The problem, from the government people respective, is that the Taliban leadership, who now have named shadow governors in nearly every province of the country, have no intention of talking.
The Afghan National Security Directorate, the country's premier intelligence agency, says the only thing that will drive the Taliban to talks is pressure by Pakistan. Pakistan should arrest the leadership . . . severely restrict the freedom of movement, and end their impunity, in order to bring that pressure to bear, a senior NDS official told McClatchy last week. He could not be identified because he is not authorized to speak to the media.
There is no sign, however, that Pakistan's Inter-Services Intelligence Agency or its army is willing to do anything of the kind, according to U.N. officials and Western diplomats.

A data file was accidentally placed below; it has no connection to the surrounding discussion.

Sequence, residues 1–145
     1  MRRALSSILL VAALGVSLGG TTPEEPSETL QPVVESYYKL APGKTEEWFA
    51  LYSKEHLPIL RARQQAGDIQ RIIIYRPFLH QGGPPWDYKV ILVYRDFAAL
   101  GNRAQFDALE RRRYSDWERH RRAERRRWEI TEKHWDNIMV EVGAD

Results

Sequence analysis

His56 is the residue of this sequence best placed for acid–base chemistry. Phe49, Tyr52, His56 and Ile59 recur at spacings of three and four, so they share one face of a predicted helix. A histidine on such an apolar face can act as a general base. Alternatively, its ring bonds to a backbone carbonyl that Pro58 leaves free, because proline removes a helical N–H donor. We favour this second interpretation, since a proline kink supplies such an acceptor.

Karzai intends to take the lead in trying to woo Taliban of every level into supporting the government. He added a note of confusion, however, in a BBC interview last week when he said he favored "peace at any cost" — a phrase associated with Western governments' appeasement of Hitler the late 1930s.
Despite the Western perspective on the futility of talks with the Taliban, McClatchy reported this week that Afghan Taliban leader Mullah Mohammad Omar might be open to negotiations over a political settlement to the war.
Brigadier Sultan Amir Tarar, a former operative of Pakistan's premier spy agency, the Inter-Services Intelligence Directorate, told McClatchy that he was sure Omar would talk because any bellicose bid to split the Taliban insurgency would fail, said Tarar, who knows Omar personally.
The London conference is expected to discuss and approve plans prepared in the past two months by Afghan experts on ending corruption, improving governance and coordinating international development programs.
The test will be in the implementations, however. "Papers are papers," one Western diplomat said.